Friday, August 29, 2008
As a girl who, like many, loves to read (and write) about male as well as female protagonists, I just wanted to throw the topic out there for discussion.
What are some of your favorite boy books? Whether you're male or female, do you like to read books featuring a protagonist of the opposite sex? What's your theory as to why it is that girls readily read about boys yet boys are more reluctant to read a book with a girl as the main character? Or do you disagree that there's a need for more boy books--do you think the market responds to demand and therefore we already have as many boy books as readers want to buy?
Finally--and most interesting--what would you like to see in boy books? In other words, what's missing from the shelves? More believable adventures? More accurate insights into the teenage boy's perspective? Or something else entirely?
Tuesday, August 19, 2008
Think Oliver Twist meets Dungeons and Dragons, right down to the naïve, constantly bullied orphaned boy protagonist and the long (parenthesis – and em-dash – riddled) explanations of terminology and fauna. Mix in a spoonful of steampunk and you’ve basically got the book spot-on.
Please bear with me, as I read this book in two hours while waiting for the paranoia regarding ducks and construction workers faded (the Eastern Shore is riddled with dangers, me hearties!).
Rossamund is a boy with a girl’s name (and a mysterious past, wooooo) and naturally he is teased for it, but it doesn’t matter because he perseveres through the beatings and taunts. For seriously, there’s a beat-down in the first chapter and he’s up and about in the next. Anyway, the adults at Madam Opera’s house for ‘foundling’ (orphan) children like him, so when Sebastispole, a lamplighter (a sort of soldier who’s in charge of lighting lamps along the Half-Continent’s version of a super-highway) turns up and offers Rossamund a job in the happy brigade, they send Rossamund off with a pat on the head and all sorts of goodies to help him fight against the ‘nickers’ and ‘bogles.’ (Big monsters and little monsters.)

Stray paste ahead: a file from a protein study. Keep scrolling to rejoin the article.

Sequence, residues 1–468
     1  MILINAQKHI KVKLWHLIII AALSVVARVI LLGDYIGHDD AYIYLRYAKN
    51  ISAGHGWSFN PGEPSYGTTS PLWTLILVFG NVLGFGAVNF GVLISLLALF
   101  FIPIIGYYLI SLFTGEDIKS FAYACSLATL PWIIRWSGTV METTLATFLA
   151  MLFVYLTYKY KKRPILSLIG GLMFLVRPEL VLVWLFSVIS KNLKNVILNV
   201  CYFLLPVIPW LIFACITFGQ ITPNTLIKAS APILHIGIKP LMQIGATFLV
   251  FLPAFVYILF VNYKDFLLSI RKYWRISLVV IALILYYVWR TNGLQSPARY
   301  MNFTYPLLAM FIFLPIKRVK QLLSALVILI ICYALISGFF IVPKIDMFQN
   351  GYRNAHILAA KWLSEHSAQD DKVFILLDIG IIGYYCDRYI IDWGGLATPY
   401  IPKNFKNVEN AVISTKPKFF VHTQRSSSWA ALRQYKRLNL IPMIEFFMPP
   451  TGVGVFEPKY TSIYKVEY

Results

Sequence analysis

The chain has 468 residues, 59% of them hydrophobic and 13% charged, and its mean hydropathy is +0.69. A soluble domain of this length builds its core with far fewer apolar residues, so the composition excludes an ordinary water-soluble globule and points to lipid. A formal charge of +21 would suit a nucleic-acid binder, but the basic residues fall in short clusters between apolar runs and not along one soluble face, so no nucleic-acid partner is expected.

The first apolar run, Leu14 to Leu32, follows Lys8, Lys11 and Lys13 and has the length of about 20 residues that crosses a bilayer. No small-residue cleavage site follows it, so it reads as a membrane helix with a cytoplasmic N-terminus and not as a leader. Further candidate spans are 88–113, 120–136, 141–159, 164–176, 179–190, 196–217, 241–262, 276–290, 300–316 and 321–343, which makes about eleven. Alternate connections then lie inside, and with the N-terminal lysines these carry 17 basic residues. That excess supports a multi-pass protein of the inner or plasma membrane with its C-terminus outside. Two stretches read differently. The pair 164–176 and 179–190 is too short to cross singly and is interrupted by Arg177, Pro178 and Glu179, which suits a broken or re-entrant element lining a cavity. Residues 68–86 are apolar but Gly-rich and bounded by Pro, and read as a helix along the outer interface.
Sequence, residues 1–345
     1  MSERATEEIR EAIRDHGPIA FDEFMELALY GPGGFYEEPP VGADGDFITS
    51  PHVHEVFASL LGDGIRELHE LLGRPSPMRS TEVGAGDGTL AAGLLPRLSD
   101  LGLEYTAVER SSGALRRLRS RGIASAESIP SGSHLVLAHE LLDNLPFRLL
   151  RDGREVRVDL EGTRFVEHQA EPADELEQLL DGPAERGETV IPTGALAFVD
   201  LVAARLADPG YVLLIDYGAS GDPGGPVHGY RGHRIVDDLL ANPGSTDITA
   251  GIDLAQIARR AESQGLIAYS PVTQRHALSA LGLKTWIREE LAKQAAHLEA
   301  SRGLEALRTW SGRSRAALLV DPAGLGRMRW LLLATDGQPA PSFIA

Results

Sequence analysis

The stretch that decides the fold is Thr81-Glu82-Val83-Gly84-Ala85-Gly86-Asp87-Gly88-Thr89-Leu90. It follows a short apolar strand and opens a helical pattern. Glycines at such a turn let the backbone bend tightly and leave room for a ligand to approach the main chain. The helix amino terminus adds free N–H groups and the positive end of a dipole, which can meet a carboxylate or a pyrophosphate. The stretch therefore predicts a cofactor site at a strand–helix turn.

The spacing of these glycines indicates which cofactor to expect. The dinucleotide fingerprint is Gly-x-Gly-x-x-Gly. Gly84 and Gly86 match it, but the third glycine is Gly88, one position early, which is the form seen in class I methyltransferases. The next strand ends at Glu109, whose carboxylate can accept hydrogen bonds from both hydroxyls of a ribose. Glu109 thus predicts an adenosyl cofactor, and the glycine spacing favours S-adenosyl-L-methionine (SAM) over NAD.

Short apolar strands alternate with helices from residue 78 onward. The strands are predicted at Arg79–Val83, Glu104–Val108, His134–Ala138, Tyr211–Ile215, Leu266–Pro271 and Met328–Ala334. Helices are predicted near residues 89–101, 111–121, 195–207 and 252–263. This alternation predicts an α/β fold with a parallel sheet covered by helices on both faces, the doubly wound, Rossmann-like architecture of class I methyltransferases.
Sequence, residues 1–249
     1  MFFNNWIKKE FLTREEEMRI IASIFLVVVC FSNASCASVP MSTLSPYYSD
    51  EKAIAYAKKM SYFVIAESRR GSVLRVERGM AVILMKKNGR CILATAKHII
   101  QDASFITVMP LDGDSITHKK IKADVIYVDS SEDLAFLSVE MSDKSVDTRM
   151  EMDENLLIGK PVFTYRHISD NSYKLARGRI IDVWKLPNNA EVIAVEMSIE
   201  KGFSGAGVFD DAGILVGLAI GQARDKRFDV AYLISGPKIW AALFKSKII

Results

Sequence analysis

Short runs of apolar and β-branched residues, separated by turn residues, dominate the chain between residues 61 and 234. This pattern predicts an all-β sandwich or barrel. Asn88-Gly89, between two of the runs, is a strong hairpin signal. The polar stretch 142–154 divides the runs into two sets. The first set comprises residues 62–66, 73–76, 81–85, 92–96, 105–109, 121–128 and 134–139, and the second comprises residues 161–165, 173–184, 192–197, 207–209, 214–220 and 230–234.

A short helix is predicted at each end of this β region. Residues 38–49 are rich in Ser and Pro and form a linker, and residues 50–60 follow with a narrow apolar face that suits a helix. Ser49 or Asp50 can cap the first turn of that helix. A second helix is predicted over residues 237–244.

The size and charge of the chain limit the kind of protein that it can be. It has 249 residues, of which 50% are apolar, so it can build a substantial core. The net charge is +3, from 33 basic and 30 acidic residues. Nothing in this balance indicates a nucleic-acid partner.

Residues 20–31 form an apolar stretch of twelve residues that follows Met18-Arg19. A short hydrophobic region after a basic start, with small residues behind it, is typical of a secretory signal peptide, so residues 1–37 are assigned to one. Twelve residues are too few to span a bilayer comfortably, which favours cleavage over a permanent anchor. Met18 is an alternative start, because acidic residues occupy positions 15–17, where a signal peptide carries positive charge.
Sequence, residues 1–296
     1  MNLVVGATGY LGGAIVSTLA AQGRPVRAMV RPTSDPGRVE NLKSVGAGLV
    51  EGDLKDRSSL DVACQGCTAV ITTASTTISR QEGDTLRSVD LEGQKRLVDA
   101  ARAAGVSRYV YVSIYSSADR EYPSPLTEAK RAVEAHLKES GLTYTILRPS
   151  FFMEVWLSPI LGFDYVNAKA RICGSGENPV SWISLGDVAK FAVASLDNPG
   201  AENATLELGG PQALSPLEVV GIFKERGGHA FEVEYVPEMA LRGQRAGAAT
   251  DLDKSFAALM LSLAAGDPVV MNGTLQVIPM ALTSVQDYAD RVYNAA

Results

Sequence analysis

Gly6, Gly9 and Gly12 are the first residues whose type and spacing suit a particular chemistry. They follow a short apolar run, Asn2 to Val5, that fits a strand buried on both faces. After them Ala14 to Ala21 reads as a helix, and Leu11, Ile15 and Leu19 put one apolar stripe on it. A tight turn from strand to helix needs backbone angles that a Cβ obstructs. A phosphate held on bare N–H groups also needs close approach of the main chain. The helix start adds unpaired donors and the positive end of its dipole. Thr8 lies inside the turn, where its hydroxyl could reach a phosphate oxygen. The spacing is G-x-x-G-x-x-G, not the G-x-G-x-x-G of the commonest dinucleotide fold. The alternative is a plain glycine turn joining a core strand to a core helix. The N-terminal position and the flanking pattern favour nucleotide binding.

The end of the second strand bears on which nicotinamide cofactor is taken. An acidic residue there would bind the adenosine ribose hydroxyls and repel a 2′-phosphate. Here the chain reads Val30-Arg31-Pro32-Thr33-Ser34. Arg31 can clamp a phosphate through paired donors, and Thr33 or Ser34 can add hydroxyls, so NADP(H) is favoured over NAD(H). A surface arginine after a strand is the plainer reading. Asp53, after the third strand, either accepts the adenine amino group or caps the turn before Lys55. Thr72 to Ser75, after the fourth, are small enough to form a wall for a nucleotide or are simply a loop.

If you can muscle your way past the knee-jerk reaction, though, Foundling turns out to be a charming read. There’s nothing new in the story here – like I said, it’s very reminiscent of Oliver Twist and other orphaned boy stories. Cornish’s talent lies in worldbuilding, and the appendix in the back is at least a quarter of the book itself. That includes the glossary. Cornish has also provided drawings of various characters, and I’ll admit I’m a sucker for author drawings.
Rossamund eventually falls in step with a woman named Europe, who can shoot lightening from her body thanks to a series of mysterious surgeries. She’s also loaded.
A bunch of crazy stuff happens. They fight monsters. Rossamund is shanghaied aboard a pirate vessel. There is blood and gore and adventure and throughout it all Rossamund stays almost unbelievably naïve and trusting in everyone he meets.
If you’re going to read Foundling, read it for the world Cornish has built, and not for Rossamund’s story. The Half Continent is enchanting, if dangerous, and the amount of care and passion poured into its construction is inspiring. But be aware that Rossamund ultimately takes a back seat to the creatures and people he encounters. Foundling, in all, is a solid three and a half out of five. I’ll probably read it again.
DM Cornish also has written the second book to The Monster-Blood Tattoo series, titled Lamplighter, which is available right now.
Saturday, August 2, 2008
I find it a little unbelievable when I read YA books in which the parents are perfect paragons of human wisdom. Not to say some parents in real life aren’t wise and filled with unfailing loving kindness—er, at least part of the time. It’s just that books featuring parents who screw up, occasionally or all the time, seem more realistic. Besides, having inept parents makes life more challenging for the characters.
A lot of it has to do with plain old good plotting sense. Fiction is more exciting and more satisfying when the main character has to solve the central problem by him- or herself. Another good reason for stories featuring bumbling, absent, or downright irresponsible parents is that in real life, teens often have a sense of facing problems to which their elders are oblivious. Parents are forever worrying about whether their kids have on clean socks while the kids are facing life-and-death situations, or at least what feel like life-and-death situations.
What’s your take? Do you prefer fictional parents who set a good example for teen readers—and who provide a backdrop of security and order? Or would you rather see your characters work out all their own problems without the net of parental grace to catch them if they fall?